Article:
This is the time you should be lead generating for recruits and selecting carefully. So, this month, I’m spotlighting recruiting and selecting–the one step in the recruiting process that’s not well taught–or mastered.
Three Dumb Questions You Should Be Asking in the Interview
We all have our favorite interview questions. Yet, most of the time, those favorite questions don’t give us insights into our candidate (be sure to call them candidates). They give us the answers we want to hear–and the candidate wants to give us!
Before I tell you the three dumb questions, write down your favorite interview question.
Now, the three dumb questions:
1. How much money do you want to make? (or any question to which they are going to give a wild guess, interviewer-pleasing answer)
Dumb because: If the agent is new, they have no clue of what it takes to make that money. They are just throwing a number at you.
In fact, any ‘future-based’ questions fail to give you real information about that person. Why? Because they are ‘reading you’ and giving you the answers they think you want to hear.
2. Are you honest? Are you tenacious? Are you ethical?
Dumb because: Any of the ‘value questions’ are dumb because no one is going to tell you ‘no’ to them! There’s a much better way to find out the person’s ethics and values, and that’s to ask ‘behavioral predictor’ questions. (See Your Blueprint for Selecting Winners for details).
3. Will you take part in our ____________? (meetings, trainings, etc.)
Dumb because: They will usually say ‘yes’–and then not appear. Instead, you need a ‘mutual expectations’ dialogue at the end of your interview, where you lay out expectations and get agreement–in writing.
Big principle in interviewing: People behave in the future like they behaved in the past.
Find out about their past.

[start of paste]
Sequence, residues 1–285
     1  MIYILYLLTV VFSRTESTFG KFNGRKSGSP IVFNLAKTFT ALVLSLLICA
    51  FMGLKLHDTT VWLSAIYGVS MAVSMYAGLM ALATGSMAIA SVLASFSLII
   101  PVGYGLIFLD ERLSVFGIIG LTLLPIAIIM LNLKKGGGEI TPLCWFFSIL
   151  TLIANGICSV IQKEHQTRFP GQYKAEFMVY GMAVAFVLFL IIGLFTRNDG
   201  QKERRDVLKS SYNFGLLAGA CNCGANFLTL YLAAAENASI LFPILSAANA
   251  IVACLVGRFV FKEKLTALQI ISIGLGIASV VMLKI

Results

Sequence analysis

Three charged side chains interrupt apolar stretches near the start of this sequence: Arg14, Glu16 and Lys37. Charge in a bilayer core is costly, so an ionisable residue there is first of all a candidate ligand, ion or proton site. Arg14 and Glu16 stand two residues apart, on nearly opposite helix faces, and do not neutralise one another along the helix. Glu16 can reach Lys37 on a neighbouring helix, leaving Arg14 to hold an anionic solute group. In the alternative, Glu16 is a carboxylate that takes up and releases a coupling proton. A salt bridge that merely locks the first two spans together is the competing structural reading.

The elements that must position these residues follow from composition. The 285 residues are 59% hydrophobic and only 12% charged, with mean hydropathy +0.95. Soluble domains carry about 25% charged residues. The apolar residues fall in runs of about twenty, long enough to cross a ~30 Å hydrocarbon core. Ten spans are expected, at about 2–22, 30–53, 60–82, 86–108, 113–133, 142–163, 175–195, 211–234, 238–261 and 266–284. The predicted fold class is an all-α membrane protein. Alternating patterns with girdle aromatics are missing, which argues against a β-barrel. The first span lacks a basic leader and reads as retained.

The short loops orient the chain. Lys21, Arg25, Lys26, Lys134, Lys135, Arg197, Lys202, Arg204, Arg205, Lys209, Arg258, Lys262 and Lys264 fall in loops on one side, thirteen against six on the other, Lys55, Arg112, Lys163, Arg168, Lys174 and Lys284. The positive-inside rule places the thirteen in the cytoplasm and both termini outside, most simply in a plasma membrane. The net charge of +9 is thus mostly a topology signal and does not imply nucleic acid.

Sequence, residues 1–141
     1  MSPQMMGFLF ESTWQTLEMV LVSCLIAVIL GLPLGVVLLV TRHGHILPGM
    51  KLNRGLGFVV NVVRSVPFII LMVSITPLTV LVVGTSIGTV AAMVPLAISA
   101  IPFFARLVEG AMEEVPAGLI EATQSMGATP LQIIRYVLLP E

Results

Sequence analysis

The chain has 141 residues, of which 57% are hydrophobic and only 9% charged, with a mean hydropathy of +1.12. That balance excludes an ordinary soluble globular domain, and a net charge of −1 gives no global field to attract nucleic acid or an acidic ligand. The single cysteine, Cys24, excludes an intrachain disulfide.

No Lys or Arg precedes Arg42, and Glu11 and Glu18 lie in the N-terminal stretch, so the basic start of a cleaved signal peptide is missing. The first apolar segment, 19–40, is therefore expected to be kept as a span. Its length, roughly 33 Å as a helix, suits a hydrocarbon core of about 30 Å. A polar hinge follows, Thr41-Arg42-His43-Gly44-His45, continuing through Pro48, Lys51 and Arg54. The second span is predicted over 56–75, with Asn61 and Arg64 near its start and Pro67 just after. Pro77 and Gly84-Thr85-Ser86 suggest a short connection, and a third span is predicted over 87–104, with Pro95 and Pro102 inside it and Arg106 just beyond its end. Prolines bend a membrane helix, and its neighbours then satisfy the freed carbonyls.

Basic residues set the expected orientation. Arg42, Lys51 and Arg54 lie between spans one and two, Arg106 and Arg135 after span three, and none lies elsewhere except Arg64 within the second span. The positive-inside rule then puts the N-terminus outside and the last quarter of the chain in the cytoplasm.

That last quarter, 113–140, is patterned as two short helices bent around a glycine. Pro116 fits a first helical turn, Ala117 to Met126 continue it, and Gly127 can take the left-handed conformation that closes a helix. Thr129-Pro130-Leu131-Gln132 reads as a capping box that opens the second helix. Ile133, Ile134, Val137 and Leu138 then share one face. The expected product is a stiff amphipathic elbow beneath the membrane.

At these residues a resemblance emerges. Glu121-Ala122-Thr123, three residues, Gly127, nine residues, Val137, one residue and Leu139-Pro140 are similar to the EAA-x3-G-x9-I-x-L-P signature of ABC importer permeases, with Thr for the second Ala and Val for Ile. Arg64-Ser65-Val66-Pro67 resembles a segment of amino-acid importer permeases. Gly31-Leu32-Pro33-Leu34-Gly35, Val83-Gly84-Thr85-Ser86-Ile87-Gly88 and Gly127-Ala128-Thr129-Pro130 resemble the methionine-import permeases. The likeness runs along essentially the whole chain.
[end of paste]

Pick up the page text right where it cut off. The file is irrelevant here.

What questions have you been snookered on? How did you change those questions?
For an 8-step ‘sure-selection’ process, best questions to ask, and what to put in your selection packages, see Your Blueprint for Selecting Winners. This unique resource is all online, so you get instant access. Isn’t it time to polish your selection process so you don’t have to work so hard and get better results?
What are you looking for–and what aren’t you looking for–in a real estate agent?
This month, I’m featuring recruiting. Why? Because it’s the life blood of real estate success. Unfortunately, too many managers, though, don’t honor it as such.
First, let’s tackle what you’re not looking for! What are your knock-out factors?
Here are some of mine. Grab a pen and write yours. Now, include these as questions in your pre-interview phone questionnaire. (You do have one, don’t you?)
(See Your Blueprint for Selecting Winners for a full list of pre-interview questions.
What ARE You Looking for in a Real Estate Agent?
You’ve listed the knock-out factors that would disqualify the candidate from an interview–or a second interview. Now, let’s look at what you are looking for:
Take a look at the categories below.
Now, write the specific skills, talents, and qualities you’re looking for that would add to your team in your office:
The last question for you in this blog: Do your interview questions reflect what you’re looking for? Write your 3 favorite interview questions and see if they are revealing exactly what you’re looking for. If not, why are you asking them?
In our next blog, I’ll share the best type of interview question you can ask!
Are you wasting time interviewing and not hiring? Or, interviewing and hiring and then finding out they aren’t a ‘fit’? This resource will help you stop all that and provide laser focus and skills for hiring with confidence.
Check out Your Blueprint for Selecting Winners now–all online for immediate download.